As treasurer, Olson had sole control over teacher union dues deductions. The case emerged after Betty Lu Brown, a secretary at Belfast Area High School, … Read More ➡
Stephen Laffey, mayor of Cranston, Rhode Island, believes in his city. Armed with a combination of street smarts, populism and a Harvard M.B.A., for almost three years he’s been putting this heavily working-class community of about 80,000 on the road to sound fiscal footing. But certain local labor bosses are determined to make his job as difficult as possible.
Laffey, 43, and a Republican, was first elected mayor in this traditionally Democratic stronghold in 2002. Upon his taking office the following January, Cranston’s bond rating was the lowest of any U.S. city; bankruptcy loomed. Reluctantly, Laffey persuaded the city council to raise taxes. In return, he won spending concessions, including cutting costs of labor-intensive activities inflated by the demands of public-employees unions. “We were paying unionized crossing guards the equivalent of $129 per hour,” he recalls. “We had to do … Read More ➡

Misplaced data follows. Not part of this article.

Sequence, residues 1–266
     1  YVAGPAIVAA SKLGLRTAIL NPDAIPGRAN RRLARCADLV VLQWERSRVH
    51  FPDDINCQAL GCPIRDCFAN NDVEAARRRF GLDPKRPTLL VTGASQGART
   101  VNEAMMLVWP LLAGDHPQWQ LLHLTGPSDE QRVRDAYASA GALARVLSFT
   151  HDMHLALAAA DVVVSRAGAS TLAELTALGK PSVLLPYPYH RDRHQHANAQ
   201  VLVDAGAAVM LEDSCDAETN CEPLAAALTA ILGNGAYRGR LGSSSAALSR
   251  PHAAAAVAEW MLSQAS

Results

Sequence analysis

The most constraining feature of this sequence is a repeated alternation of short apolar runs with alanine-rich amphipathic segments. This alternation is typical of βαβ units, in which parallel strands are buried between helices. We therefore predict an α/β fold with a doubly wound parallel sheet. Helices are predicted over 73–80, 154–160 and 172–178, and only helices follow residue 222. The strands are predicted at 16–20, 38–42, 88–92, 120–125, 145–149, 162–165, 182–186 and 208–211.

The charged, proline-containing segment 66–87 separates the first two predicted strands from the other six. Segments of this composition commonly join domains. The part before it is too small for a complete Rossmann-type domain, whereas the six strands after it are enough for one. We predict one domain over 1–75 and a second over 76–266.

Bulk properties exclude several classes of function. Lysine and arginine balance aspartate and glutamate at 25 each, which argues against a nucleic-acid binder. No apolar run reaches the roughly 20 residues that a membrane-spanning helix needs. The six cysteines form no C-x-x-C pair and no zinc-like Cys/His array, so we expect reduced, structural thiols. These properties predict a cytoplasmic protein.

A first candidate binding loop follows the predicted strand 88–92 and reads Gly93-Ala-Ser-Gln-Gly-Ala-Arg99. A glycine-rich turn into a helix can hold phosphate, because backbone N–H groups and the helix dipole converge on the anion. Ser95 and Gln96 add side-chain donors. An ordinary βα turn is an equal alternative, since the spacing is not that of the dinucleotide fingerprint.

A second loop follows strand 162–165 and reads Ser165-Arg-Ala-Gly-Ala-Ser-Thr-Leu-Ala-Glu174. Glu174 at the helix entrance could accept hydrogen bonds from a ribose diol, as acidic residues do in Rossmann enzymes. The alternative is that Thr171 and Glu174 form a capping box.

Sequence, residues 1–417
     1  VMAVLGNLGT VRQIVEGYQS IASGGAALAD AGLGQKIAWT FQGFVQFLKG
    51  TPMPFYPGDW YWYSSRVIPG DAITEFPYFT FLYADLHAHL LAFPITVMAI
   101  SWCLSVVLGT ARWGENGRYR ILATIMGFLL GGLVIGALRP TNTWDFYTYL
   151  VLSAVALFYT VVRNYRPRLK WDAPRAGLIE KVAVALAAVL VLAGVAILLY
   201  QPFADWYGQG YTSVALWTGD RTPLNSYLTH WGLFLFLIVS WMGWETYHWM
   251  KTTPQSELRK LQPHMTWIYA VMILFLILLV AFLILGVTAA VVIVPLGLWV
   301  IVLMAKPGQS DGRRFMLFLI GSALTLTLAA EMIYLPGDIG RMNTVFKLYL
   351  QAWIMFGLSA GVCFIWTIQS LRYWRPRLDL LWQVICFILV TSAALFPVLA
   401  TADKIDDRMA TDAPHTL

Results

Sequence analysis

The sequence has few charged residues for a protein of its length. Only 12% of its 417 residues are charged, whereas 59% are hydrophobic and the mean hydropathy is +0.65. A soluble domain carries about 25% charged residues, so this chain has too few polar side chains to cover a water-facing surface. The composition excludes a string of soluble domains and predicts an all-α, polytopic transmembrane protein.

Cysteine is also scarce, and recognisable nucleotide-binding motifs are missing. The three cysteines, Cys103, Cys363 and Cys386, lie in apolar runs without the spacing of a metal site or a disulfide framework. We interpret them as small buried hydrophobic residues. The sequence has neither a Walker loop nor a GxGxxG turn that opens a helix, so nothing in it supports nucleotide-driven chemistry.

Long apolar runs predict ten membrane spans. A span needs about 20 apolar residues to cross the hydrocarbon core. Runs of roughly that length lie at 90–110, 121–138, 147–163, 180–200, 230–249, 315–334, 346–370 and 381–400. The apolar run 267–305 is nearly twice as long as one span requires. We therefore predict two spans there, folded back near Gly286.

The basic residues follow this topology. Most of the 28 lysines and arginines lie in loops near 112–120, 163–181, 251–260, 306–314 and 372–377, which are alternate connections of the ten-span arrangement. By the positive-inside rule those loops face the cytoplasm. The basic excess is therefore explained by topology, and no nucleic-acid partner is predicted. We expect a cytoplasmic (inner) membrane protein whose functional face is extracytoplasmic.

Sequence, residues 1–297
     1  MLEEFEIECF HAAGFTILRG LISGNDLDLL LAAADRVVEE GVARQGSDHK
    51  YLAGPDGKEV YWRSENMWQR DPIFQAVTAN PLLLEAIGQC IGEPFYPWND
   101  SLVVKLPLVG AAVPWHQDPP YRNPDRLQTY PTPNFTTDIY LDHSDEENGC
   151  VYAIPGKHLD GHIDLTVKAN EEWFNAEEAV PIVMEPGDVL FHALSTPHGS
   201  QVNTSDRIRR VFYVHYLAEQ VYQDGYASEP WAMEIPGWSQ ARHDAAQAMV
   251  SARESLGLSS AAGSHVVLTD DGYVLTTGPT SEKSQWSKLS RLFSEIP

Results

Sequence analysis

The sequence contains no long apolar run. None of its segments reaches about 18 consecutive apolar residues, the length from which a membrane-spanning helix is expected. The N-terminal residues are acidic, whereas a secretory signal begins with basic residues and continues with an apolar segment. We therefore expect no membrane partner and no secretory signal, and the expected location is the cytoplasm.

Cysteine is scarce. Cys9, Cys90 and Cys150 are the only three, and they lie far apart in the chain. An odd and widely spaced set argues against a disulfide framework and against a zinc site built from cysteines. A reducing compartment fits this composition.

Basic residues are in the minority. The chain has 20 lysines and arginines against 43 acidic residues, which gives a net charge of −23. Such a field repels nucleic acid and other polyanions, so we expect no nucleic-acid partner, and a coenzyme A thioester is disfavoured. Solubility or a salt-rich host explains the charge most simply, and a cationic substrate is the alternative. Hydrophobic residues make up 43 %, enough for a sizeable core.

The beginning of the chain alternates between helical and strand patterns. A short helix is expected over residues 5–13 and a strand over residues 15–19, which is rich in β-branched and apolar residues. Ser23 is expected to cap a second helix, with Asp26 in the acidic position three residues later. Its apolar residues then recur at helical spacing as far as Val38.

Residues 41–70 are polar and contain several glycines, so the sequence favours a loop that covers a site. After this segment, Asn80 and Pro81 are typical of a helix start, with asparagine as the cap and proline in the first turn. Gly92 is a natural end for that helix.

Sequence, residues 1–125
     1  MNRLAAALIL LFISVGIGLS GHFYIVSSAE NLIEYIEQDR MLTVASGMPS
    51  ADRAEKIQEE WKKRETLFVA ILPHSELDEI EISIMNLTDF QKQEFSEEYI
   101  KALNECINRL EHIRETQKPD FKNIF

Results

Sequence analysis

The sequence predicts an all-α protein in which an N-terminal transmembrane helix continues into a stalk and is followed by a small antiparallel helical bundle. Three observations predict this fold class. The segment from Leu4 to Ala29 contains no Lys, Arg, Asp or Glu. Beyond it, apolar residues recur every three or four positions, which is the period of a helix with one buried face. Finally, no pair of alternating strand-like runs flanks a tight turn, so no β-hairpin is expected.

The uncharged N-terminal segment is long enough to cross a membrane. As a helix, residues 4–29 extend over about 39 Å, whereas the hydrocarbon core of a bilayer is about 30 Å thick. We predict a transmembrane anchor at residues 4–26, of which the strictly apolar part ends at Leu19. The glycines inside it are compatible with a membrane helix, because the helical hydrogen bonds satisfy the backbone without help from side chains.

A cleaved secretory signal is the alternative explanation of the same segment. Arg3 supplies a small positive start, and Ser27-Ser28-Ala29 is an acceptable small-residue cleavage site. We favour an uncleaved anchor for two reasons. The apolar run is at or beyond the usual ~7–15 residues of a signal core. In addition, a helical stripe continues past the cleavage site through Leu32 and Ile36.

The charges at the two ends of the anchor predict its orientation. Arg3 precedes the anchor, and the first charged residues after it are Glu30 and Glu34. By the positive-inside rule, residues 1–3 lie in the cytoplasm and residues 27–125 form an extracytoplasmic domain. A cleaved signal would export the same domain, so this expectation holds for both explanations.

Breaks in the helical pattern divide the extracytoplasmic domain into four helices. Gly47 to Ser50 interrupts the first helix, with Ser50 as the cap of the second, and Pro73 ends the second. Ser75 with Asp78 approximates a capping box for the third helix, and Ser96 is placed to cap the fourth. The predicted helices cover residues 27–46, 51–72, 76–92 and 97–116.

In South Korea, labor corruption makes headlines. Less visibly, it makes them here, too. On October 20, the entire leadership of that country’s largest and most powerful labor federation, the Korean Confederation of Trade Unions (KCTU), resigned in response to protests among its rank and file over scandals among senior officials. The organization, with roughly 620,000 members belonging to nearly 750 unions, increasingly has been prone to economic militancy and anti-American sentiment in its ranks. “The current leadership did everything it could to reinvigorate the labor movement through various internal reforms,” said KCTU President Lee Su-ho in his resignation speech. “But we have decided to step down because of aggravated infighting between union reforms.”
The federation was rocked by the arrest several weeks ago of its vice-president, Kang Seung-kyu, for allegedly taking $78,000 in bribes from taxi businesses in return for … Read More ➡